Building’s foundation with cracks over and along the FDR. In 1938, the Board of Estimate approved an extension of the FDR Drive from East 92nd Street down to East 49th Street. The City acquired full title to the land necessary for the extension except from East 54th to 56th Streets, where it acquired a permanent easement from the Henry Phipps estate to use the area for street purposes. The estate retained the right to erect columns, beams, and foundations within the easement area, which would allow it to construct a building over the FDR. The City agreed not to interfere with the estate’s structures, and paid, per a court’s judgment, $336,757 as just compensation for the easement. In 1957, the Board of Estimate noted that the City’s easement was limited to 36 feet above the FDR. In 1959, the estate completed construction of a residential building known as 25 Sutton Place South above the easement.
In 2002 and 2003, the City inspected the area and found cracks in the concrete above, and in the columns along, the FDR. When the building refused to make repairs, claiming it was not responsible, the City hired a contractor that repaired the cracks for $295,142. The building sued the City, seeking a declaration that it was not responsible for the maintenance and repairs of the understructure. The City counterclaimed to recover the cost of the repairs and for a declaration that the building was responsible for the repairs as the owner of the understructure.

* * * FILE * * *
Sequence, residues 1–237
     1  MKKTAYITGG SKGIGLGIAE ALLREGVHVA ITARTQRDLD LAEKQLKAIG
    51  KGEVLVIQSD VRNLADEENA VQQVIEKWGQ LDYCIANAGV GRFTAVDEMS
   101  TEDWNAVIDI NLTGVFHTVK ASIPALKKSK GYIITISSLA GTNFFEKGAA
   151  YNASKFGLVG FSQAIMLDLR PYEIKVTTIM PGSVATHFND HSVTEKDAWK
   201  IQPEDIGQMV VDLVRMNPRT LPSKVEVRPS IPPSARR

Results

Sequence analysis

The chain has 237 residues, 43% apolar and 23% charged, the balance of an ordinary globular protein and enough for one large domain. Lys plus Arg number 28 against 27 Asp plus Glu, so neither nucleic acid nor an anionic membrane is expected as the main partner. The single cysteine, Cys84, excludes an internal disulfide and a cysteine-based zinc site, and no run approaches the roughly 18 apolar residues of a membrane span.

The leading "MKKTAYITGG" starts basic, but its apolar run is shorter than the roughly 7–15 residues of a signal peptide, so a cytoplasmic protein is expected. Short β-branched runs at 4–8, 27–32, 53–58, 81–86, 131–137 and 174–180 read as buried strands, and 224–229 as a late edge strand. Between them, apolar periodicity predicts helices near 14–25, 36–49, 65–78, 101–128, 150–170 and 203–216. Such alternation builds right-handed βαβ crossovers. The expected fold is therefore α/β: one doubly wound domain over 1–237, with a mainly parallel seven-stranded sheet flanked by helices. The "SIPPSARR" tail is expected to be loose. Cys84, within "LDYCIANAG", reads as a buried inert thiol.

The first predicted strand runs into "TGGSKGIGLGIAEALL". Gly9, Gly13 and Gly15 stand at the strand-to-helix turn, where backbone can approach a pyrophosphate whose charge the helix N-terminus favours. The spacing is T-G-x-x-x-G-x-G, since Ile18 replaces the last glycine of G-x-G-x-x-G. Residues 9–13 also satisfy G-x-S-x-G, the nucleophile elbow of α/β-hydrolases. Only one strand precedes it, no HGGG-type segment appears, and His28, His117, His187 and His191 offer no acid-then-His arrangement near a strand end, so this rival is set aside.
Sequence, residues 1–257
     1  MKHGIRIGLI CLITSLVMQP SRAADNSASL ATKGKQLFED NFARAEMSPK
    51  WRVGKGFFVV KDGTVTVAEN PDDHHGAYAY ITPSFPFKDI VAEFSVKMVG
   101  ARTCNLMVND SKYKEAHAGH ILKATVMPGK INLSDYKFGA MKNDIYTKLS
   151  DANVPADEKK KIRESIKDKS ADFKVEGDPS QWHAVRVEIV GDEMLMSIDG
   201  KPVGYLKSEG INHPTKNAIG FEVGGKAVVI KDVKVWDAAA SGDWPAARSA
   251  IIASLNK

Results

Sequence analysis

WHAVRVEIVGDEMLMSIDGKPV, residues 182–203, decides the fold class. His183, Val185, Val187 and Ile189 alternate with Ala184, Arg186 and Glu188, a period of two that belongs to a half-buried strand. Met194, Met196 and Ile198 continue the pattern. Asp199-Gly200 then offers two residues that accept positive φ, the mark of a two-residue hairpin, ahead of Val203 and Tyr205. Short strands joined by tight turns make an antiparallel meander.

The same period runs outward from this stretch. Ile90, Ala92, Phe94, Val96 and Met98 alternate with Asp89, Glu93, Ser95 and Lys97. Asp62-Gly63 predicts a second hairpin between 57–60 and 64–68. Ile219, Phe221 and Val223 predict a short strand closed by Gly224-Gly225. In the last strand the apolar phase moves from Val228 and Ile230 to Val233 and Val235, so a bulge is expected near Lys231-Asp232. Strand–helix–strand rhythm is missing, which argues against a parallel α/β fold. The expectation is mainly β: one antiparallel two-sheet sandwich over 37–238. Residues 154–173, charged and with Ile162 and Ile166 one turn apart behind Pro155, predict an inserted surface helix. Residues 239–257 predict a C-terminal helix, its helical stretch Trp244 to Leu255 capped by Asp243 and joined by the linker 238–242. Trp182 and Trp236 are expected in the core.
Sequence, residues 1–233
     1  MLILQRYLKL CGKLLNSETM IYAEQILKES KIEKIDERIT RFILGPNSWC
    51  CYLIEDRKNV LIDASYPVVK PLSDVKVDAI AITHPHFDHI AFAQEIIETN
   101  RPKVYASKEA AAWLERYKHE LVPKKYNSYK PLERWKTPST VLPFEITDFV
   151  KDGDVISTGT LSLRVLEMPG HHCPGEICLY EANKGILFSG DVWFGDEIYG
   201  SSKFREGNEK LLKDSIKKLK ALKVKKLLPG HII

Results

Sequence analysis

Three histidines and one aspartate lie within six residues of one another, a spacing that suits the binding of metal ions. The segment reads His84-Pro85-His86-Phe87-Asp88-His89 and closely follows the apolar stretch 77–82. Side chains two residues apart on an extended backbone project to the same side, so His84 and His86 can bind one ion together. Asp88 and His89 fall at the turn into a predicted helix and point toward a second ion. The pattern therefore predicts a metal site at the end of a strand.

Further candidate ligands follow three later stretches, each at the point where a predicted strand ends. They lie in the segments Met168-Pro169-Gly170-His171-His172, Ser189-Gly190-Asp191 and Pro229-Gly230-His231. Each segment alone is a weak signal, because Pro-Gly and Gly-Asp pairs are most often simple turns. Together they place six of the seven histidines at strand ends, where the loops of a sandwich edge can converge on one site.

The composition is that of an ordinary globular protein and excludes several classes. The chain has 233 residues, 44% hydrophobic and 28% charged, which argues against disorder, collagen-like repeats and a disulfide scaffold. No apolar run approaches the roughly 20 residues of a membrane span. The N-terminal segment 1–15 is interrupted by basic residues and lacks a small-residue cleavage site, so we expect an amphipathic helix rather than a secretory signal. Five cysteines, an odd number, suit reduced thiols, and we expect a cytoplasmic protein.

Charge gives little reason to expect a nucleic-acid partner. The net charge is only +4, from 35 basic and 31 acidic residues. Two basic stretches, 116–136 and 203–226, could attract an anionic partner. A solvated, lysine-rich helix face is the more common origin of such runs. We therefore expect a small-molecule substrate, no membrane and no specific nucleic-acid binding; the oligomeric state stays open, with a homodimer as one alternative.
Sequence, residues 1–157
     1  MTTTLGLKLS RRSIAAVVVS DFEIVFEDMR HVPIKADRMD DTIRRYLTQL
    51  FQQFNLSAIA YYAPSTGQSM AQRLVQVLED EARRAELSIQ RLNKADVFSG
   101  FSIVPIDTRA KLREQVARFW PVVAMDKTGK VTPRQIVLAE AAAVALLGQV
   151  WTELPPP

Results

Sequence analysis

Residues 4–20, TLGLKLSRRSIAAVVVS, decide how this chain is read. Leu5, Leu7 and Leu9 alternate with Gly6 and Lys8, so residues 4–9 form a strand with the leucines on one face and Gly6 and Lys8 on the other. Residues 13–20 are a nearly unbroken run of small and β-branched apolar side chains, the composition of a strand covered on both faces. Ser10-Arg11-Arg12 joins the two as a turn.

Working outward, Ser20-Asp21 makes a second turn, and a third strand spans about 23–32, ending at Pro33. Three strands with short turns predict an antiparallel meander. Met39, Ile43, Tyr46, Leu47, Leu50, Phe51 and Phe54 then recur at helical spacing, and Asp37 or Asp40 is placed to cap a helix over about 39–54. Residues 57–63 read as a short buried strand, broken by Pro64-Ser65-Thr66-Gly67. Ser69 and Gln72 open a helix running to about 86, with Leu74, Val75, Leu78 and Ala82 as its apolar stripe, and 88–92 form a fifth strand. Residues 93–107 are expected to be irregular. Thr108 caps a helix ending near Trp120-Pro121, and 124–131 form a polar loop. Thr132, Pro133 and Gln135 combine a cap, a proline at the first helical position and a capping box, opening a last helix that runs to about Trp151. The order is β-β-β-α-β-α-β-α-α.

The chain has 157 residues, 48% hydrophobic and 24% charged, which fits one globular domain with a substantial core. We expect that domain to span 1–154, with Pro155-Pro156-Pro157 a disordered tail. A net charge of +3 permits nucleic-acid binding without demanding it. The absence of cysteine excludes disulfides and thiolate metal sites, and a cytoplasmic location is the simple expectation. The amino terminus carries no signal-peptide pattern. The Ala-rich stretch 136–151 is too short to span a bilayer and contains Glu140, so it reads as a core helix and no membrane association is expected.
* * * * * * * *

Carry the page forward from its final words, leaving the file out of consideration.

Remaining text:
The lower court ruled that the building owned the understructure and was responsible for its repair and maintenance. On appeal, the First Department agreed that the building owned the understructure, finding ample evidence in the Board of Estimate’s records as well as the court’s condemnation and compensation orders. The court found that the City’s easement specifically excluded the columns and foundations and that the owner was awarded additional compensation for the added expense of constructing a building over the easement. The court also found that the transfer platform upon which the building rests was four inches above the City’s 36-foot easement and was built by the owner, providing additional proof that it was the owner’s responsibility. The court remanded the question of who was responsible for the emergency repairs, however, finding that the City’s actions from de-icing the FDR may have caused the understructure to crack.
Cannon Point North, Inc. v. New York City, 2007 N.Y. Slip Op. 07496 (N.Y.A.D. 1st Dept. Oct. 29, 2007).